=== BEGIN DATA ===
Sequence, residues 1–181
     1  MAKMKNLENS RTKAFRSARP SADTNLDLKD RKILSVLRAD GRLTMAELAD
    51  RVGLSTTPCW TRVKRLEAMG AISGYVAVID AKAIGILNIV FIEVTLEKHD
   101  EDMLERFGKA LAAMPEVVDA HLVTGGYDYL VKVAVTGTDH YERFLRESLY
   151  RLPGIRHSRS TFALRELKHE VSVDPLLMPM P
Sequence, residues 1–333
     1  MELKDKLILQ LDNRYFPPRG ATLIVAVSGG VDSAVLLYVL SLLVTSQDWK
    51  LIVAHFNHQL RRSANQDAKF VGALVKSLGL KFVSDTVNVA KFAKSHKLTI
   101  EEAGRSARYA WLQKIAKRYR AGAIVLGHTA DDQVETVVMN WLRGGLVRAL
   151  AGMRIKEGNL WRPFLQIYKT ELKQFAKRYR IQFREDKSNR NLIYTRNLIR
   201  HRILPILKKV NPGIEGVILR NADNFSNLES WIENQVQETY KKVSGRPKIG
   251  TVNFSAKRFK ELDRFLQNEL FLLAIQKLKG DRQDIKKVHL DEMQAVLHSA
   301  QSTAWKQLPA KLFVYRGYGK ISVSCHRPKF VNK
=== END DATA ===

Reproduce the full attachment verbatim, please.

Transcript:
Sequence, residues 1–181
     1  MAKMKNLENS RTKAFRSARP SADTNLDLKD RKILSVLRAD GRLTMAELAD
    51  RVGLSTTPCW TRVKRLEAMG AISGYVAVID AKAIGILNIV FIEVTLEKHD
   101  EDMLERFGKA LAAMPEVVDA HLVTGGYDYL VKVAVTGTDH YERFLRESLY
   151  RLPGIRHSRS TFALRELKHE VSVDPLLMPM P
Sequence, residues 1–333
     1  MELKDKLILQ LDNRYFPPRG ATLIVAVSGG VDSAVLLYVL SLLVTSQDWK
    51  LIVAHFNHQL RRSANQDAKF VGALVKSLGL KFVSDTVNVA KFAKSHKLTI
   101  EEAGRSARYA WLQKIAKRYR AGAIVLGHTA DDQVETVVMN WLRGGLVRAL
   151  AGMRIKEGNL WRPFLQIYKT ELKQFAKRYR IQFREDKSNR NLIYTRNLIR
   201  HRILPILKKV NPGIEGVILR NADNFSNLES WIENQVQETY KKVSGRPKIG
   251  TVNFSAKRFK ELDRFLQNEL FLLAIQKLKG DRQDIKKVHL DEMQAVLHSA
   301  QSTAWKQLPA KLFVYRGYGK ISVSCHRPKF VNK